Nick Trueman: [00:23:46] And we can talk about drop shipping in a minute? So I have some very extreme views on it, which we can talk about in a sec.
Joseph: [00:23:51] Yeah. So, uh, this is, this is Shopify country, so we definitely wanna get your Shopify expertise. And I think this is as good as a transition into that as, as any, I also. Uh, I, I'm looking forward to hearing what you have to say about drop shipping.
Oh, I overall have a positive view towards it, but also because I'm very, like, I'm a very slow learner, so I'm like.
Nick Trueman: [00:24:08] We're going to have fun then when we reach that.
Joseph: [00:24:10] Yeah. Well, you know what, um, I just want to hear it, but have I fully answered the question? Do you feel like you're, you're ready to move on to, uh, okay, so act two.
Nick Trueman: [00:24:21] Absolutely. No, that sounds good. And I think, um, yeah, I think just on that point as well, just for anyone listening, I think the, just to be really clear that just ask Parker side of things is purely Shopify. Um, I did. When you mentioned earlier that you're in Canada, I was instantly, my head was thinking like about five or six of my friends have moved over to work for Shopify into Francais. So I've not been out to Canada, myself, but I is on my list. Canada and South Africa are very much in my, uh, my hit list for, um, probably 20, 22 now. Um, but yeah, let's see what drop shipping. So at Parker, we are a Parker is a Shopify expert. Spec is in the process of getting on the Shopify plus partner program as well.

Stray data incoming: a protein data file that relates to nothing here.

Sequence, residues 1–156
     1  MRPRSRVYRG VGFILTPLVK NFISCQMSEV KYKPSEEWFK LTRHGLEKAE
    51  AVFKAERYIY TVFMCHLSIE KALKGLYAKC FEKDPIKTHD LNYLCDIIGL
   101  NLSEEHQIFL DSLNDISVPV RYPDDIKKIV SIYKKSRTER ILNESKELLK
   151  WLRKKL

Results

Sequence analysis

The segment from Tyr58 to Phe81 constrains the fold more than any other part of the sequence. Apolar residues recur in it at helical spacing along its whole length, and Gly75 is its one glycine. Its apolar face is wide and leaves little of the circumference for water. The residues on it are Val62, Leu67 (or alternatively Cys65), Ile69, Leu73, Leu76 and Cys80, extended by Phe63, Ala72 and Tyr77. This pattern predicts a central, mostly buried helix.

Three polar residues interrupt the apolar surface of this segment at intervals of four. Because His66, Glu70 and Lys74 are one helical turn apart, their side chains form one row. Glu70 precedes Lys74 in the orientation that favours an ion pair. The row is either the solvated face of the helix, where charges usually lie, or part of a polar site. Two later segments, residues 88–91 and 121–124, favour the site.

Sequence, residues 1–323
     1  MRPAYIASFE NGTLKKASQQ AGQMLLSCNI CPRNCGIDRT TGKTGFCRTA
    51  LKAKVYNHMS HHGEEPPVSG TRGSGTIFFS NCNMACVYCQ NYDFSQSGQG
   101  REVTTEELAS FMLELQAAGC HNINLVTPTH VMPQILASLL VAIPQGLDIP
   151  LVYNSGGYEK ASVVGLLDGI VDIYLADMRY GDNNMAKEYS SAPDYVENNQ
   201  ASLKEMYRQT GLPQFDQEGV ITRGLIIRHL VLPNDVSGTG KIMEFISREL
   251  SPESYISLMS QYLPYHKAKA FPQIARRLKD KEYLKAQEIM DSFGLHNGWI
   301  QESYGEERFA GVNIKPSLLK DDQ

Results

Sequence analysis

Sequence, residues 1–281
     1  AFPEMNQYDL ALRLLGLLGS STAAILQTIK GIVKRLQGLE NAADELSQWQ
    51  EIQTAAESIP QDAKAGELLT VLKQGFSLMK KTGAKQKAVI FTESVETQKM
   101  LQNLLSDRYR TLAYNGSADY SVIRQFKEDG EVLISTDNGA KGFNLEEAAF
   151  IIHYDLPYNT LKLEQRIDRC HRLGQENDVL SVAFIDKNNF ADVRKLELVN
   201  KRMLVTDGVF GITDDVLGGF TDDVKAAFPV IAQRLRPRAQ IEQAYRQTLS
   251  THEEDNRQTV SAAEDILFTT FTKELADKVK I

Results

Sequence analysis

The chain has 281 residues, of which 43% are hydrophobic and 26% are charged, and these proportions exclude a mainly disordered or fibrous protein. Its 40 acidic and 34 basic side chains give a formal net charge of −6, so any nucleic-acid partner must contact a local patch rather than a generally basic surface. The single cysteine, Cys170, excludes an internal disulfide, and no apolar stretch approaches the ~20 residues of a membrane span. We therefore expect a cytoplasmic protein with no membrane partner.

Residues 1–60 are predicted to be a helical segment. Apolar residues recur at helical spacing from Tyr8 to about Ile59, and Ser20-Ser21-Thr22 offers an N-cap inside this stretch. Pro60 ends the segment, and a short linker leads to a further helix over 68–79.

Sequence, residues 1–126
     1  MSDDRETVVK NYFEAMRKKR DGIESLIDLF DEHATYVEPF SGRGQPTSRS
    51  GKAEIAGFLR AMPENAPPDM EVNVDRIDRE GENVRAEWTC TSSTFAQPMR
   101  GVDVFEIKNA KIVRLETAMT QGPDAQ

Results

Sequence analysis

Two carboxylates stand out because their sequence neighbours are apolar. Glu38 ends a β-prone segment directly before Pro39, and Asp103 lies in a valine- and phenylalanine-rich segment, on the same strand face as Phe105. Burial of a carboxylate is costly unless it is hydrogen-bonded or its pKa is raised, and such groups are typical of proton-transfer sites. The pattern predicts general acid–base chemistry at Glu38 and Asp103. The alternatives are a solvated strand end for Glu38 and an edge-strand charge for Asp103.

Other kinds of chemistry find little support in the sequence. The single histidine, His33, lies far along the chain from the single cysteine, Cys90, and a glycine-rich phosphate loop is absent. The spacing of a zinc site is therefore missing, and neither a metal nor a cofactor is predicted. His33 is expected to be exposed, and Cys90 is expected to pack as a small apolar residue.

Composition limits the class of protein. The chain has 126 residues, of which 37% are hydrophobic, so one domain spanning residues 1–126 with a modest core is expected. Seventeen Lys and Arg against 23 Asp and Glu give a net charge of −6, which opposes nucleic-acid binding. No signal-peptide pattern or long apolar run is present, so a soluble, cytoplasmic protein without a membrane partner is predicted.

And what that means is you can go on the Shopify plus partner pro program, and you can go into the Shopify experts area as a store owner. All right. Somebody works for a, you know, an eCommerce business and you can buy services in. Now through that button, we get so many people at Parker, probably, probably a majority of our customers come through that.
So then we've also got the podcast. We've got our course, we've got some good SEO, we run PPC stuff. So we've got loads of ways people can find us. And we've got word of mouth, which equally as, as important actually as the Shopify badge, but through Shopify, we get. Some days we get tons and tons of inquiries.
Hence why I'm employed Byron who's my colleague, and had him on the podcast for the first time, a few weeks ago. Um, and Byron basically manages that, you know, the Shopify thing, doing sales, essentially, you know, talking to people about their requirements, et cetera. And we get so many who come along and want drop shipping.